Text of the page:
Emulated by many players in the years since, but the prevailing opinion is that very few manage to live up to the originals. After some violent incidents involving players wearing trenchcoats in recent years, younger players wearing trenchcoats now may receive flak from others.
Bag of Spilling: Played straight with reincarnation. Partially averted with inheritance (which is semi-frequently subject to tax).
Beach Episode: The "summer" phase, when the Daystar is at its meanest, makes some players to go to nearby bodies of water wearing as little clothing as possible to cool themselves off. This is usually also a time of breaks from tutorials.
The Beautiful Elite: Far fewer, relatively speaking, than you'd think from reading or watching fiction, but a prestige class of this type of character does exist. Maintaining the requisite levels in Wealth, Comeliness, Publicity, and Charisma is daunting, and it's surprisingly easy to lose the prestige class.
Best For Last: Billions are involved with various religions because of this trope.
Beware Of Vicious Dog: Trope Namer. Many a sign on front-yard gates exists that will bear this warning, although the exact wording varies and is usually simply "Beware of Dog."
BFG: Formerly available only to the soldier characters in limited zones or during a War event; some servers now allow very restricted civilian ownership and/or use. Check local regulations carefully, since having an unauthorized weapon in inventory - even if you never equip it - can lead to game-ending bugs!
'Open' PvP zones allow a BFG to anyone who can buy, steal or loot one, but those zones are not recommended for anyone to enter.
BFS: Once-popular, but this weapon category has been in decline for a long time. Notable examples include the Claymore branch of swords, and the Zweihander, used by the "Landsknecht" prestige class in the Renaissance module.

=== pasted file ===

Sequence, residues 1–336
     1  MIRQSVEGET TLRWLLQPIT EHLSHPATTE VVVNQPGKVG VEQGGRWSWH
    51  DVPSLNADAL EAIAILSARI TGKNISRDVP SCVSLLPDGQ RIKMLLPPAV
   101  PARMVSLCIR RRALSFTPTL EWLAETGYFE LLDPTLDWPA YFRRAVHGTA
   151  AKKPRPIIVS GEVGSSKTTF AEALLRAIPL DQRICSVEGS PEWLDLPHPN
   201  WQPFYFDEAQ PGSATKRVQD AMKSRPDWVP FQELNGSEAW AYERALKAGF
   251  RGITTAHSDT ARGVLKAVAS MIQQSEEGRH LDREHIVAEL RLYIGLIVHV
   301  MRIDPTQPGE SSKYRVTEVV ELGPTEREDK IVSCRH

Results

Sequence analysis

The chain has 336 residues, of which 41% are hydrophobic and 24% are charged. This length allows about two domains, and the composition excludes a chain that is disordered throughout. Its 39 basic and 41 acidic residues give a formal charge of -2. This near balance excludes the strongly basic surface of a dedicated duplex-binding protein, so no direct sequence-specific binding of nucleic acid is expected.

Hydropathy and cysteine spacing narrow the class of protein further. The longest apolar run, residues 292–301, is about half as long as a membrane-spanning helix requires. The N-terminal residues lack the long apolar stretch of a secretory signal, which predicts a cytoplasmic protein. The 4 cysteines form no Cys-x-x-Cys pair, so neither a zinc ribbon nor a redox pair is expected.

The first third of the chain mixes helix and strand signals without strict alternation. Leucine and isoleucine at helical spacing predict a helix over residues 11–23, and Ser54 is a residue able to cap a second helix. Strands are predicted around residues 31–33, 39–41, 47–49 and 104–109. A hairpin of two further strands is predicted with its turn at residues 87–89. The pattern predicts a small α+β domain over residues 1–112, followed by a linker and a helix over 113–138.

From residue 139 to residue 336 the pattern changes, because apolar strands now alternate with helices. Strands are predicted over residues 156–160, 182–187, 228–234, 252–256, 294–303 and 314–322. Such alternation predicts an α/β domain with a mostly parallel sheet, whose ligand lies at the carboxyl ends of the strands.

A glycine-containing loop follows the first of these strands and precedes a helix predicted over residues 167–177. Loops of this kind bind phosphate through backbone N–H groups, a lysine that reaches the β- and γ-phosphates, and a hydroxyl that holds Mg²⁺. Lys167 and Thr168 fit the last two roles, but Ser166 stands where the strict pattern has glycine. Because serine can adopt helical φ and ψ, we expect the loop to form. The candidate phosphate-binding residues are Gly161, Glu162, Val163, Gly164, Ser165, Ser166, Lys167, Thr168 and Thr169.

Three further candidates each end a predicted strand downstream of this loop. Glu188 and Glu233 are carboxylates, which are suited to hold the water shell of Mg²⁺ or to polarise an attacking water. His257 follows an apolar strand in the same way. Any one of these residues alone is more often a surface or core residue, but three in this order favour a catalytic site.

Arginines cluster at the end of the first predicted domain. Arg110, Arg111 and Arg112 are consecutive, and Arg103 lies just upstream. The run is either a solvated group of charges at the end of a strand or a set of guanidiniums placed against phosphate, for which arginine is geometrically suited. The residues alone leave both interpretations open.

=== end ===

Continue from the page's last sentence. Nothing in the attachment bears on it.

Big Eater: Humans' advanced brain metabolism causes them to require more food than would be expected for an organism of their size. The human brain's 25% consumption of total caloric intake is impressive, and shows why other animals haven't bothered to grow such enormous, hungry brains. But as for Big Eating, try shrews, which eat their own weight in insects daily, or hummingbirds, who can starve after 15 minutes of activity without their sugar water. Or blue whales, which need an estimated 1.5 million calories daily and get it by eating two or three tons of itty-bitty plankton. Per day. Or tiny rodents that die from heat loss if they don't spend 23 hours per day eating.
Blob Monster: Amoebas to anything smaller than them, and White Blood Cells to foreign tissue.
Body Horror: Averted in most cases, played absolutely straight with a few diseases (like the flesh-eating disease and Ebola) and other unfortunate events, like vehicle crashes, or birth defects.
Bonus Dungeon: College may be considered one, the rewards are worth it but not many players meet the requirements to enter one. Expect your character's funds to drop dramatically and stay that way for a while.
Booze-Based Buff: Mostly averted, but used in moderation, the Red Wine item mildly increases your CON and Radiation Resistance stats.
To many player characters, any kind of booze moderately increases Fear Resistance (players should keep in mind that this is not always a buff, as it occasionally causes the affected to be Too Dumb to Live). When given to the opposite sex, the Beer item raises your CHR stat instead.
Alcohol also gives a temporary boost to your Pain Resistance and Limber stats, making you more likely to survive a car crash if you have these buffs. Unfortunately, your Driving skill also drops to one-third normal.
Bonus Stage: Vacations. A comfortable retirement can count as well, since you've beaten the main quest. All that's left to do then is enjoy some side quests and help the next gen gamers (who you've likely helped to spawn) get through their own questing.
Boring but Practical: Schooling and work, which help you get the better classes and earn money, respectively. Most of the time, the practicality of something in Real Life is inversely related to its awesomeness. Some theorise that this is due to the Law of Conservation of Detail. Sometimes though, a stroke of bad luck may make this all for naught - in particular, a bug in the economic program can bump players that went through the Higher Educational levels into the same Job-Search quests as everyone else.
Boss Rush: Final exams, and (much later, and with a foregone conclusion) old age.